And the notion of protected speech: Video games
“Video games are a new medium, and while people are used to scary stuff in the movies, they aren’t as used to having scary stuff in interactive media, so there is political value in passing these laws even if they are ultimately rejected by the courts,” said Paul M. Smith, a partner in the Jenner & Block law firm, which represents the game industry. “I think it’s fair to say that a lot of people who passed these laws knew they were unconstitutional, and they did it anyway.”
Put simply, the United States Supreme Court has interpreted the Constitution as allowing states broad leeway in regulating minors’ access to sexually explicit material. That is why it is illegal around the country to sell pornography to children. Courts have not, however, said that states have a similar right to regulate media based on violence. Most of the city and state video game laws that have been struck down in recent years have tried to ban the sale or rental of certain violent games to minors. In many of those cases, states and cities have tried to translate the legal rules for pornography into a new system for regulating violent media.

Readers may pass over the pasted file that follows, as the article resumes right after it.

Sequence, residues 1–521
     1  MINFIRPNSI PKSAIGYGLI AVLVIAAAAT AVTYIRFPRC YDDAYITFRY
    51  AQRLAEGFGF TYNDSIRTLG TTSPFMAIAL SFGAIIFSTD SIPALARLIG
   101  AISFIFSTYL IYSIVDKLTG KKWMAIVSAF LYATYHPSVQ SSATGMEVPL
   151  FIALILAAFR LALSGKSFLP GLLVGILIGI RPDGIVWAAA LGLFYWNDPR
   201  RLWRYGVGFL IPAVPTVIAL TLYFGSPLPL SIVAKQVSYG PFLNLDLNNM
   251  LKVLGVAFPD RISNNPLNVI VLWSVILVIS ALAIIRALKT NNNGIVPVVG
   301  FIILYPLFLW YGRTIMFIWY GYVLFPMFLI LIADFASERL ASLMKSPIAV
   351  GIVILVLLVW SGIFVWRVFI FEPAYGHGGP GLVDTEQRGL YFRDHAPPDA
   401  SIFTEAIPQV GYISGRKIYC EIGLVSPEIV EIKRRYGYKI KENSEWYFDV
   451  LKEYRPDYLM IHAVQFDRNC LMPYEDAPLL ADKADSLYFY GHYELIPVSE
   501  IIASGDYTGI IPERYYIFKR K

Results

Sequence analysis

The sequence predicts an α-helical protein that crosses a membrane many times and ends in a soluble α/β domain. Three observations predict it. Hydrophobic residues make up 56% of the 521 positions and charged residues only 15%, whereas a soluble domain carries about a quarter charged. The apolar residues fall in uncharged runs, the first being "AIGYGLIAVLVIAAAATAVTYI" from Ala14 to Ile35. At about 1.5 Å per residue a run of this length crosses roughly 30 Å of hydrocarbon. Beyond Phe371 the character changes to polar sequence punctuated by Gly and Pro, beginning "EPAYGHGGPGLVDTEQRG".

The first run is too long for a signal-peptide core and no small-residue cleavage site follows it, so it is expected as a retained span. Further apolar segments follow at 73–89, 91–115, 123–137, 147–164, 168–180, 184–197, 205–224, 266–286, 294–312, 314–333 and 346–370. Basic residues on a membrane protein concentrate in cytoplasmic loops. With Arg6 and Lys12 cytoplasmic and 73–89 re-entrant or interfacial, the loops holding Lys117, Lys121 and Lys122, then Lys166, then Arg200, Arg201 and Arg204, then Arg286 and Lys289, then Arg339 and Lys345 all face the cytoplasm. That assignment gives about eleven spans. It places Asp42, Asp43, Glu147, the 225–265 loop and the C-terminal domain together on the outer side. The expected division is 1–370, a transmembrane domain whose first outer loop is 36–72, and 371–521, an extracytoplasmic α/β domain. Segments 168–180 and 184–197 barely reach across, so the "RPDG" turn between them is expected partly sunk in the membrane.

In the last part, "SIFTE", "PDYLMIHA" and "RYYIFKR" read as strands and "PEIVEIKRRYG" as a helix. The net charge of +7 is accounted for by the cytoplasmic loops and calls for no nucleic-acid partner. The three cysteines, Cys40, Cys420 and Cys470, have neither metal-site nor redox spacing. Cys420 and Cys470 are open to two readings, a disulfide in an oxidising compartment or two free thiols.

“One of our major arguments was that when it comes to minors, violence should be treated similarly to sexually explicit material,” said Zackery P. Morazzini, the California deputy attorney general who argued the recent case for the state. “We allow states to protect children from sexually explicit material, so to us it is a logical extension to take that lesser obscenity standard and apply that in the context of violent media.”
The United States Supreme Court has not taken up the matter, but judges appear to have taken a dim view of that approach.